Covid-19: Expert calls for Māori, Pasifika and South Auckland to be prioritised in vaccine roll-out for children

6:01 pm on 9 December 2021

Māori, Pasifika and lower socioeconomic communities like South Auckland should be prioritised in the Covid-19 vaccination roll-out for children, says an epidemiologist.

Epidemiologist Professor Rod Jackson.

University of Auckland professor of epidemiology Rod Jackson says the threat of transmission is greater in areas like South Auckland, where famillies are likely to be crowded in homes. Photo: RNZ / Nick Monro

University of Auckland professor of epidemiology Rod Jackson said those groups must be put to the front of the queue to help prevent further outbreaks.

Medsafe is still assessing an application to use Pfizer's vaccine for 5 to 11 year olds. Doses could be available by the end of January.

Prof Jackson said while children might not be as seriously affected by the virus, they could still transmit it.

He said in areas like South Auckland, where Māori and Pasifika were more likely to live in overcrowded and multi-generational households, the threat of transmission was greater.

Coupled with the fact such communities generally had lower vaccination rates and younger populations meant the reason for prioritising them with the roll-out was obvious, he said.

"Otherwise you've got a perfect storm," Prof Jackson said.

He said schools were potential "super spreader settings" and with thousands of children going back to classrooms around the country in 2022, it was important the vaccine roll-out was managed properly.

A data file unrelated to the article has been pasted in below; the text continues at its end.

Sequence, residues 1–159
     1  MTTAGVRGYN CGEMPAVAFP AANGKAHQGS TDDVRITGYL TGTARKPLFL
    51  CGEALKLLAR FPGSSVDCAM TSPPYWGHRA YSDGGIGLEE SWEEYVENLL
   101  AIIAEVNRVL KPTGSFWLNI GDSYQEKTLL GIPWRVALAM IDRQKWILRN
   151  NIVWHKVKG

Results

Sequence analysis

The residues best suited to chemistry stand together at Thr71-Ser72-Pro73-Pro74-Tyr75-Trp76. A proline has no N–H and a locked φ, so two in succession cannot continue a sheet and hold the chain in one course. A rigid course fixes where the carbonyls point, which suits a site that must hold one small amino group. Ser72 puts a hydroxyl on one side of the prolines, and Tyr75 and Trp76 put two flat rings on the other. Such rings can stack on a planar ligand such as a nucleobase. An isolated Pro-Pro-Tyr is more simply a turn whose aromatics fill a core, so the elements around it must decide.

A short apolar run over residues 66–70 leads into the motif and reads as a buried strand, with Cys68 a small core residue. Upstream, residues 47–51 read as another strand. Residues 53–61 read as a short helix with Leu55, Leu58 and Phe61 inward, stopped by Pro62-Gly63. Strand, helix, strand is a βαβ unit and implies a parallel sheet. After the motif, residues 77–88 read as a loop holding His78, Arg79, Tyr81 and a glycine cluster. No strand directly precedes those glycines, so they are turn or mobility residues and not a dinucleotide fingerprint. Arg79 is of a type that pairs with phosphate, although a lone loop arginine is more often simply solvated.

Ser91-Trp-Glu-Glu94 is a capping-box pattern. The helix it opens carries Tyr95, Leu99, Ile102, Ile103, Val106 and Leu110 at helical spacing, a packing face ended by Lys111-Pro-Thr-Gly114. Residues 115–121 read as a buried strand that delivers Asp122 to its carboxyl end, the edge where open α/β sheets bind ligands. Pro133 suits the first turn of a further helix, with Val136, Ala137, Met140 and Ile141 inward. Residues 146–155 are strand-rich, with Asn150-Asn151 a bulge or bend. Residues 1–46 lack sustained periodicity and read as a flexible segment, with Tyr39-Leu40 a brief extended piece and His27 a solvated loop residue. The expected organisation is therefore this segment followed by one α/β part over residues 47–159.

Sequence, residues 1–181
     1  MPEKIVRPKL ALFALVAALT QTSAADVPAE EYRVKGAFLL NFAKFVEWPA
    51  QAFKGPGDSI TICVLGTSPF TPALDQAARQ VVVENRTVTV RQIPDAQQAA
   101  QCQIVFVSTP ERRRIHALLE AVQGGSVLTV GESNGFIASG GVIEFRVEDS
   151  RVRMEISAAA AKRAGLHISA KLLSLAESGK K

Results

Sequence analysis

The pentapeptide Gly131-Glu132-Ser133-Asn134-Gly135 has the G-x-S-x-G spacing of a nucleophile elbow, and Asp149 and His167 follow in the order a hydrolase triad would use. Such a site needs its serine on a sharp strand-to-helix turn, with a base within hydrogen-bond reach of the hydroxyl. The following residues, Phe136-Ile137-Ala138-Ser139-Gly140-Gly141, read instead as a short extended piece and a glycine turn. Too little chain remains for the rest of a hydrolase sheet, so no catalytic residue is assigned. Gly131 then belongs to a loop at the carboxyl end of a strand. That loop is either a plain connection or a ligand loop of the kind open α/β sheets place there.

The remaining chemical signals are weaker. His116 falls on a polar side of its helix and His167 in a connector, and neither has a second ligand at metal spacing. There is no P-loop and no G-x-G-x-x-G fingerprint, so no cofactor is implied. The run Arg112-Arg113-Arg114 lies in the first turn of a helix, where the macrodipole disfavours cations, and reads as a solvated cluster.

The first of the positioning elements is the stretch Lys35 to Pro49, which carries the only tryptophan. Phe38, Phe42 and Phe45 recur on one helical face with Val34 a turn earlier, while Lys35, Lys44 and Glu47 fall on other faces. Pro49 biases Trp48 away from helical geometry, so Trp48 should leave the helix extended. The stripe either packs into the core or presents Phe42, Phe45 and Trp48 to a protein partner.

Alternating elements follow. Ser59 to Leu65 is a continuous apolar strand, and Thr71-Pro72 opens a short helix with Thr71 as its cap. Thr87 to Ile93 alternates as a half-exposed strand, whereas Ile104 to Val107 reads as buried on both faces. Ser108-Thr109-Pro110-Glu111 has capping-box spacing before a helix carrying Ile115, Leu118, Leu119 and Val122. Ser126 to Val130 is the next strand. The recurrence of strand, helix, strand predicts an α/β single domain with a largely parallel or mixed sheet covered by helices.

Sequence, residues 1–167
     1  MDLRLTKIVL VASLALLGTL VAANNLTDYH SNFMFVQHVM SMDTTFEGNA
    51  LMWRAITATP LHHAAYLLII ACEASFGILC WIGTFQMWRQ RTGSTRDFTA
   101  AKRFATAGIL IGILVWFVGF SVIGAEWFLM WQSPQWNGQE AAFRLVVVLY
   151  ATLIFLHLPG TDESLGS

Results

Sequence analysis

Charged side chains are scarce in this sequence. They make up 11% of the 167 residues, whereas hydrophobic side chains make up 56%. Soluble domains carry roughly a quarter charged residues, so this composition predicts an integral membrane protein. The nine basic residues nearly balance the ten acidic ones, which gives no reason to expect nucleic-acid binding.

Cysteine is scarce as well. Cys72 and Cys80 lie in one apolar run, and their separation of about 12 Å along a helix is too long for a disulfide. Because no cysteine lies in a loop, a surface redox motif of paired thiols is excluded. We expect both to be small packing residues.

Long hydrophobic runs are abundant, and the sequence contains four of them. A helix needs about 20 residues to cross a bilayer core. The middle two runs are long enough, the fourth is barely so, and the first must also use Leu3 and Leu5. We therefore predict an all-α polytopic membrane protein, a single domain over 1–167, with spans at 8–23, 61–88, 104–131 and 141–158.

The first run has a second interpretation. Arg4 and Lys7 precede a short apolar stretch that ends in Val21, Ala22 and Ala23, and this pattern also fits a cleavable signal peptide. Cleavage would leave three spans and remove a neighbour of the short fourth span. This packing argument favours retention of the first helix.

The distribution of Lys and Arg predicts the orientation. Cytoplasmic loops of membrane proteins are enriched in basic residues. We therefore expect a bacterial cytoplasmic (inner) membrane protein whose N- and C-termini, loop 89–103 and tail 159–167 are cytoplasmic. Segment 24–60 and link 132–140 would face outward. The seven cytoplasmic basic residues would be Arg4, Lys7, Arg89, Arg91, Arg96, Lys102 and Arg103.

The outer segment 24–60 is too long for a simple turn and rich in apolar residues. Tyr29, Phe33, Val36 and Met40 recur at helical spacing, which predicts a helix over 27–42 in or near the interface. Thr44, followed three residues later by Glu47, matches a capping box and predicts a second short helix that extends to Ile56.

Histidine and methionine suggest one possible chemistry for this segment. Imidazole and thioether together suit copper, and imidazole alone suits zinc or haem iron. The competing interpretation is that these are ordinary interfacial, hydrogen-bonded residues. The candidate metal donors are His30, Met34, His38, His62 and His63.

The Ministry of Health has said planning is under way and it is working with iwi, district health boards, local providers, communities and the Ministry of Education to deliver the vaccine to children.

Director-General of Health Ashley Bloomfield previously told Morning Report that there were enough vaccines to do the whole group, but they would be make a big effort to go and vaccinate Māori and Pasifika tamariki early.

"The key reason for that is they tend to live in bigger households. And we know that household size does have a real impact on kids being infected [with Covid-19] inside the house."

Prof Jackson said there was still about one million people who are unvaccinated nationwide and about 750,000 of them are under 12 years of age.

Turuki Healthcare chief executive Te Puea Winiata agreed with Prof Jackson's push for prioritisation.

She said looking at the high numbers of Māori who contracted the virus and had been hospitalised during the Delta outbreak, it made sense to prioritise them, along with Pasifika and other lower socioeconomic communities.

But Winiata said there were still a lot of unanswered questions about how the vaccination programme would be delivered.

She said if Medsafe approved the vaccine in time for a roll-out starting in late January, it would not give healthcare providers or schools much time to get their heads around it before children return en masse.

Winiata said a number of Māori providers in South Auckland already had teams that help with other non-Covid-19 vaccinations in schools, and it was one way the immunisation programme could be delivered.

"I think there should have been discussions about this earlier because we know it's going to happen one way or another."

Dr Matire Harwood, who works at the Papakura Marae Health Clinic, said vaccinating children would be a major logistical exercise and it was important they get it right.

She agreed that prioritising Māori, Pasifika and lower socioeconomic communities like South Auckland was the right approach.

Dr Harwood said healthcare providers may have to think outside the square and consider different ways to vaccinate children, with clinics at schools and other ways to make sure no-one was missed.

She said while children may not be as seriously affected by Covid-19 as adults, they could carry the virus and pass it on to older whānau members who may be at greater risk.

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